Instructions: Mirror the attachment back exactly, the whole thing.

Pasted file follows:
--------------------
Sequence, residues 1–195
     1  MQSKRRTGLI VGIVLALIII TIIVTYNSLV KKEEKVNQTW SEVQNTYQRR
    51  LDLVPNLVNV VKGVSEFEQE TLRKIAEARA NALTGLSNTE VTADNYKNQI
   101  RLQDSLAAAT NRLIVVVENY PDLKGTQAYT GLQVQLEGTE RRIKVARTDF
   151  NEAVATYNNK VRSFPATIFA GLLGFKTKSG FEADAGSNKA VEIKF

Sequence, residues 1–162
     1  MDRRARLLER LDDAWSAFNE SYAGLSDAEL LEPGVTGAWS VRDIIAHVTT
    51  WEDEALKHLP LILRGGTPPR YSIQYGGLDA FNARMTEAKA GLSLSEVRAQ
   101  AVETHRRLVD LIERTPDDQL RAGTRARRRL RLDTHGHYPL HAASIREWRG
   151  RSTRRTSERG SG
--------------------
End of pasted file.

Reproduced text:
Sequence, residues 1–195
     1  MQSKRRTGLI VGIVLALIII TIIVTYNSLV KKEEKVNQTW SEVQNTYQRR
    51  LDLVPNLVNV VKGVSEFEQE TLRKIAEARA NALTGLSNTE VTADNYKNQI
   101  RLQDSLAAAT NRLIVVVENY PDLKGTQAYT GLQVQLEGTE RRIKVARTDF
   151  NEAVATYNNK VRSFPATIFA GLLGFKTKSG FEADAGSNKA VEIKF

Sequence, residues 1–162
     1  MDRRARLLER LDDAWSAFNE SYAGLSDAEL LEPGVTGAWS VRDIIAHVTT
    51  WEDEALKHLP LILRGGTPPR YSIQYGGLDA FNARMTEAKA GLSLSEVRAQ
   101  AVETHRRLVD LIERTPDDQL RAGTRARRRL RLDTHGHYPL HAASIREWRG
   151  RSTRRTSERG SG